Hiring Heroes Act: Making It Easier to Hire Veterans
Senate lawmakers have submitted a bill that would make it easier for veterans to gain civil service jobs.
The 2011 Hiring Heroes Act aims to expand job skills training for servicemembers in order to get them ready for civilian employment, and streamline federal hiring procedures so veterans can enter government service quickly.
Under the bill, military personnel would be able to begin the employment process before separating from military service, and federal agencies would be allowed to directly appoint servicemembers to civilian positions within 180 days following their discharge. The bill also would direct the Office of Personnel Management to create an employment assistance program to promote recruitment, hiring and training of retiring servicemembers and veterans.
Says Senator Patty Murray (D-Wash.), who sponsored the bill, "For too long at the end of their careers, we pat our veterans on the back for their service and then we push them out into the job market alone. It's time for us to make sure they have a job and the security [it] provides them when they come home."
The bill dovetails with the federal government's existing push to hire veterans by making it easier for them to find and apply for the jobs that match their skill sets, Murray said, noting there are many positions in the Homeland Security and Veterans Affairs departments appropriate for military personnel. President Obama in November 2009 issued an executive order to increase interagency collaboration on the hiring of veterans, on matching them with job openings and helping them navigate the application process. According to OPM Director John Berry, agencies hired 2,000 additional veterans in 2010 compared with the previous year; 30 percent of all new hires across government were veterans.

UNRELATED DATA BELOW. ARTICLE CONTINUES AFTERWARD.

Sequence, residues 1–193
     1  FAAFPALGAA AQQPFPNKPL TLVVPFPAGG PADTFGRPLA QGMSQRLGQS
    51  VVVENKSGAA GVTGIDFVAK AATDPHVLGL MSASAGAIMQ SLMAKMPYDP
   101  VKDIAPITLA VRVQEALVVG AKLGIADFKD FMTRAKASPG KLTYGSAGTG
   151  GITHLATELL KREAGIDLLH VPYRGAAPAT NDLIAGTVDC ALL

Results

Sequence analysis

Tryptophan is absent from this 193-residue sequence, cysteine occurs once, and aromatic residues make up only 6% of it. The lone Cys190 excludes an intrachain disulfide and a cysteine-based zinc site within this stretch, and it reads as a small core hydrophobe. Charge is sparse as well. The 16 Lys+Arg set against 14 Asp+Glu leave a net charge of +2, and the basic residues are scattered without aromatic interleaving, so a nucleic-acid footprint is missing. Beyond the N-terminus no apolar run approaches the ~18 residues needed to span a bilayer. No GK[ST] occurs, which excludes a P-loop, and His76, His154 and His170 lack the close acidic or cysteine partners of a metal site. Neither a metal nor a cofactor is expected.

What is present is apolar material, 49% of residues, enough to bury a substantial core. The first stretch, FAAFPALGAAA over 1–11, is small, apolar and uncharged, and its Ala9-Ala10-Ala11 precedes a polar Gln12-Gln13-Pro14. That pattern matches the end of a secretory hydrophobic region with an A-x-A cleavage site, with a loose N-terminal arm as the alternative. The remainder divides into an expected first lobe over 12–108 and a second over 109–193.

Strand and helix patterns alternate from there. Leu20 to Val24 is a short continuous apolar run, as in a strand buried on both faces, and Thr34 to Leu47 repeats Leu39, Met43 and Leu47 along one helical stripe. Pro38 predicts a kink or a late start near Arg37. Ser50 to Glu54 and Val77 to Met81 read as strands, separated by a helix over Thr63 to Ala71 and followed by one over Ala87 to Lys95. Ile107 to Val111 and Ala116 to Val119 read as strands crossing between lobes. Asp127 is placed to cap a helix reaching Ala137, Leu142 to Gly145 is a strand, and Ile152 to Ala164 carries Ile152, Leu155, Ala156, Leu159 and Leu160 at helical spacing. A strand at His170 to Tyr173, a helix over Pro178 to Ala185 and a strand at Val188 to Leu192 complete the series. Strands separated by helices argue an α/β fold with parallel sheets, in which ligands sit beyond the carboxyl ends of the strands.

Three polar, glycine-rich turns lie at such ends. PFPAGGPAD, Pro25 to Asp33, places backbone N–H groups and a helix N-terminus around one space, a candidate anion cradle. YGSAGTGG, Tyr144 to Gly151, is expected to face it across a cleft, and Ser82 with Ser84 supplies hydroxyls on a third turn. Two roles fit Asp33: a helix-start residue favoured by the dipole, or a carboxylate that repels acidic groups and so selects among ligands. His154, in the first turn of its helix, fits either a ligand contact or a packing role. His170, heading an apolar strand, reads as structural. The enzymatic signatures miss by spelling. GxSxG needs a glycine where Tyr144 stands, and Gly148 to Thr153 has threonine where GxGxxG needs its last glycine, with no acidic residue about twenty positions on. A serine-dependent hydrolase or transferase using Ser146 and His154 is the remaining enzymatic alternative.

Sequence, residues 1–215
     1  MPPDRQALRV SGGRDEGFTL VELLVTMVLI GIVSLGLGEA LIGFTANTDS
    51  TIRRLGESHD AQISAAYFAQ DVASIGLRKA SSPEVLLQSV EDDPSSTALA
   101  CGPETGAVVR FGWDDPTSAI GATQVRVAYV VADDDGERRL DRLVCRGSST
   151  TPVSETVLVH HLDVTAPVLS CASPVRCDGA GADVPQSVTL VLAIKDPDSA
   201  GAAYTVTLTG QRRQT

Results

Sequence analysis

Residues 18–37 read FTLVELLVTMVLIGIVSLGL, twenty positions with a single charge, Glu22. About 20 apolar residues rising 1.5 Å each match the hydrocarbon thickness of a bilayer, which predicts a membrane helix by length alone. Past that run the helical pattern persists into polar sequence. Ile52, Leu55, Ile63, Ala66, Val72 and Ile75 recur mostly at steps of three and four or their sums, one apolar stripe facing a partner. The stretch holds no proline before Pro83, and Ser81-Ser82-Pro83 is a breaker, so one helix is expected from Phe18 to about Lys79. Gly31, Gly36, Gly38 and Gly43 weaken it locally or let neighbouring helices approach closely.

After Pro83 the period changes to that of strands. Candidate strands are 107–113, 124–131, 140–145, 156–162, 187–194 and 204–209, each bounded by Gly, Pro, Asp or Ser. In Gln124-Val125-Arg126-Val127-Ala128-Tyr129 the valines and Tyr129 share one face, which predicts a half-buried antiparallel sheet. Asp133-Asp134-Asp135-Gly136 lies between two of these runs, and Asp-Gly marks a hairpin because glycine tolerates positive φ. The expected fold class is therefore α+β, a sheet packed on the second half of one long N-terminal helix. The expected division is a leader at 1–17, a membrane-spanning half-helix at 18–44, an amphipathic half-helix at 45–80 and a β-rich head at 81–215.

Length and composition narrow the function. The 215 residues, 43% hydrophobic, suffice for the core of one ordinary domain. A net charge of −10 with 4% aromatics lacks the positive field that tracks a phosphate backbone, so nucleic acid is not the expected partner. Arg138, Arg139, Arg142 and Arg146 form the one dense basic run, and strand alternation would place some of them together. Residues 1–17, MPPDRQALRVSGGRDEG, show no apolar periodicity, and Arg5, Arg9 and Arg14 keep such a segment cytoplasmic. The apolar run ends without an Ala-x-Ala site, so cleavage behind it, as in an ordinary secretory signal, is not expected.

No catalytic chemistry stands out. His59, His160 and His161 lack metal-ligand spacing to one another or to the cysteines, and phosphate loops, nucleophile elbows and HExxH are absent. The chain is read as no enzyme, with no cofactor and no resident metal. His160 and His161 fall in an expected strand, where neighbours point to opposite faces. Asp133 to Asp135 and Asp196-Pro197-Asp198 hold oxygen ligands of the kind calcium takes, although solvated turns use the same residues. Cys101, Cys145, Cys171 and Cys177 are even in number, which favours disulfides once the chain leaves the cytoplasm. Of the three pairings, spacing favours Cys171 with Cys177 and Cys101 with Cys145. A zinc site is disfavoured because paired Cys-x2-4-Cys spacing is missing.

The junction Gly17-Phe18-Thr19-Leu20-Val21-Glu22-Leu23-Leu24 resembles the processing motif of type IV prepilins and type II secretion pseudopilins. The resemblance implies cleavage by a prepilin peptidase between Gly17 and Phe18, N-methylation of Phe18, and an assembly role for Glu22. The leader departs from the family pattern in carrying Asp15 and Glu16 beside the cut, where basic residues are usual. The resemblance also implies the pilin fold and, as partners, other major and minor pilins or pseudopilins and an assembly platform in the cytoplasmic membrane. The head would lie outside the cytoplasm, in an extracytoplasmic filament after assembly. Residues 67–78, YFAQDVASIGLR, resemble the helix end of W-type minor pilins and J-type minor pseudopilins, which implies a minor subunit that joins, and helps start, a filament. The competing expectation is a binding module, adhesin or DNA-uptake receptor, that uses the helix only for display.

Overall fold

The legislation also would expand the reach of the Defense Department's Transition Assistance Program and make participation mandatory for separating service members; create a pilot program to provide civilian work experience for military personnel on terminal leave; ease the translation of military training and experience into civilian licensing requirements; and extend training and rehabilitation benefits for disabled veterans. The provisions would prepare service members for both government and private sector jobs, lawmakers said.
"We have a responsibility to empower them and get them the skills they need to transition," said Sen. Jon Tester, D-Mont., who co-sponsored the legislation.
Veterans' groups praised the proposal, noting it is particularly important in the current economic environment.
"A veteran's successful reintegration into society begins with employment," said Ray Kelley, legislative director of Veterans of Foreign Wars. The legislation "not only improves existing programs, it allows service members to quickly transition into civilian careers and ensures that veterans who continue to struggle to find employment are given greater access to the system that is in place to support them."
According to Murray, the cost of the bill is not yet available. There is no companion legislation in the House.
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